The ProtecT trial management group (including urologists, oncologists, and trialists) responded quickly. The protocol for the conservative arm was refined and renamed “active monitoring” to reflect the regular PSA tests and review appointments that were undertaken (30).

PSA tests were to be undertaken 3–6 monthly in the first year, extending to 6-monthly or annually thereafter. The trigger for reevaluation of disease status was defined, according to best practice at the time (2000–2001), as an increase in PSA level of 50% or more over 12 months, with that rise confirmed by a subsequent PSA test, or symptoms or other clinical findings of concern to patient or clinician (26). Routine rebiopsy was not recommended, although its use in active surveillance programs was explained, alongside the difficulties of interpreting sampling errors and possible adverse effects. It was decided that the active monitoring option should be presented first so that it was fully explained. In addition, the findings from the qualitative analysis were presented to recruiters with clear suggestions about how to 1) avoid terminology that was misunderstood by patients, 2) provide balanced information about each of the treatments, and 3) describe the purpose of randomization and rationale for the ProtecT RCT (32).

The changes had a rapid and consistent impact on the order and content of the verbal information presented in the appointments and the outcome in terms of randomization. Active monitoring was presented first in most cases, the need for the RCT was described more clearly, the treatments were presented more equivalently, and problematic terminology was avoided or explained. Over the next 9 months, the numbers of men agreeing to randomization rose from 40% to 70% of eligible participants (28). The three-arm RCT including both radical treatments and active monitoring became the design for the full-scale ProtecT trial, with nurse-led recruitment. With continued support from the qualitative research, recruitment to the full-scale three-arm treatment trial was completed with over 60% of eligible participants consenting to randomization (32). The ProtecT trial will report its primary outcomes in 2015 or 2016, based on over 1500 randomized participants (25).

Presenting Treatment Options in Routine Clinical Practice

The recent National Institutes of Health Active Surveillance State-of-the-Science draft report stated that “Active Surveillance is a viable option that should be offered to patients with low-risk prostate cancer” (24). The completion of recruitment to the ProtecT trial and the increasing numbers of men joining contemporary active surveillance/monitoring cohorts show that this option is acceptable to patients and clinicians if they are informed about it. But there is little guidance about how treatment options for localized prostate cancer are best presented to patients. It is most commonly advocated that decision making should be shared by patients and clinicians (33,34). However, there is considerable evidence that men are poorly informed about the issues inherent in screening and treatment for prostate cancer. For example, the DECISIONS study systematically assessed medical decision making for prostate cancer screening in a survey of a random sample of over 3000 US adults and showed that the majority of prostate cancer decisions were not shared because participants did not receive balanced information, had limited knowledge, and were not routinely asked about their own preferences (35). There is evidence that levels of information can be improved and that decisions about treatments can be made more effective through the use of decision aids. A systematic review of trials of decision aids for prostate cancer screening, including 18 eligible trials involving over 6000 participants, showed that patient knowledge was enhanced, decisional conflict was reduced, and informed decision making was promoted in the presence of such aids (36). This study also showed that the decision aids reduced interest in PSA testing and encouraged preferences for watchful waiting as a treatment option (RR = 1.53, CI = 1.31 to 1.77, P < .001). This suggests that the provision of good-quality information can enable men to consider nonradical options.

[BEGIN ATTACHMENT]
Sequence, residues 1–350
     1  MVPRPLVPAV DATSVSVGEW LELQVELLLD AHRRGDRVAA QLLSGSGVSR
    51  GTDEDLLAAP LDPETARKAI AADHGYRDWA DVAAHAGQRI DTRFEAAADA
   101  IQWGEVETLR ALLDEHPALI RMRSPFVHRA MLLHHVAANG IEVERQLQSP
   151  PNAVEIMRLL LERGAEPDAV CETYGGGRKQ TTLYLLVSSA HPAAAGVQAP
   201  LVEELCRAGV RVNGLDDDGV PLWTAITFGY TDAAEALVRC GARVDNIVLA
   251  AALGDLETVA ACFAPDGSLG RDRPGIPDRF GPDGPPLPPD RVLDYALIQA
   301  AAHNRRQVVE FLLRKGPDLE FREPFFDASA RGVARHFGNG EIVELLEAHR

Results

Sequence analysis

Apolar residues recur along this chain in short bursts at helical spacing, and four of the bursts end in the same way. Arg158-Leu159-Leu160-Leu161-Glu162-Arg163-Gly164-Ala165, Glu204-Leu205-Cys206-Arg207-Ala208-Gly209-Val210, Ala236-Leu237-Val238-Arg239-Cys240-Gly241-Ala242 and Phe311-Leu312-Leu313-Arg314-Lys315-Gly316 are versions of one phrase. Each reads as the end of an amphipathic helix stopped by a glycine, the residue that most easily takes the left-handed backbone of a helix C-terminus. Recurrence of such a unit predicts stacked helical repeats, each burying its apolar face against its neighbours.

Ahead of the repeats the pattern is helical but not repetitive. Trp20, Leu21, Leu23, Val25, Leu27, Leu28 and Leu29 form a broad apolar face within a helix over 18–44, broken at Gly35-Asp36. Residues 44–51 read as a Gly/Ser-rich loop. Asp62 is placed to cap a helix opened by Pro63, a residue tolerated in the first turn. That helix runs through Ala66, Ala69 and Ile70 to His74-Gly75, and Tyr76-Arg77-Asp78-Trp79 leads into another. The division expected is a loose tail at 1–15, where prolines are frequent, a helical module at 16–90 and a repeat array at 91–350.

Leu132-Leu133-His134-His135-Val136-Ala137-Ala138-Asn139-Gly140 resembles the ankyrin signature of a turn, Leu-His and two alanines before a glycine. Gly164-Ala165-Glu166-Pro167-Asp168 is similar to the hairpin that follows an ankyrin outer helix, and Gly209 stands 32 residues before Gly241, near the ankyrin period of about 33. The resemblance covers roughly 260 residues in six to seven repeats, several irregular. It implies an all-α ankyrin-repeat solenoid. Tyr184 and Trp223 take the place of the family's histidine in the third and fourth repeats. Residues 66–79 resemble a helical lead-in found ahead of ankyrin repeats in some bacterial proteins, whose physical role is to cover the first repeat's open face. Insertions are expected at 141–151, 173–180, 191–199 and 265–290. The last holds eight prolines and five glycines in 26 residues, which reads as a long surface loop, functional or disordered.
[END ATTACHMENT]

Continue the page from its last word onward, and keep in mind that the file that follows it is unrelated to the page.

Although there is much research advocating shared decision making and a great deal of patient-directed information about prostate cancer screening and treatment, little is known about how men develop preferences for particular treatments or how such treatments should be presented to achieve high levels of understanding. Various nomograms and algorithms can indicate probabilities of the occurrence of some of the risks, and decision aids may provide detailed information, but for any single patient the essential dilemma of having to make a choice between treatments without robust evidence remains, often causing considerable anxiety (37,38).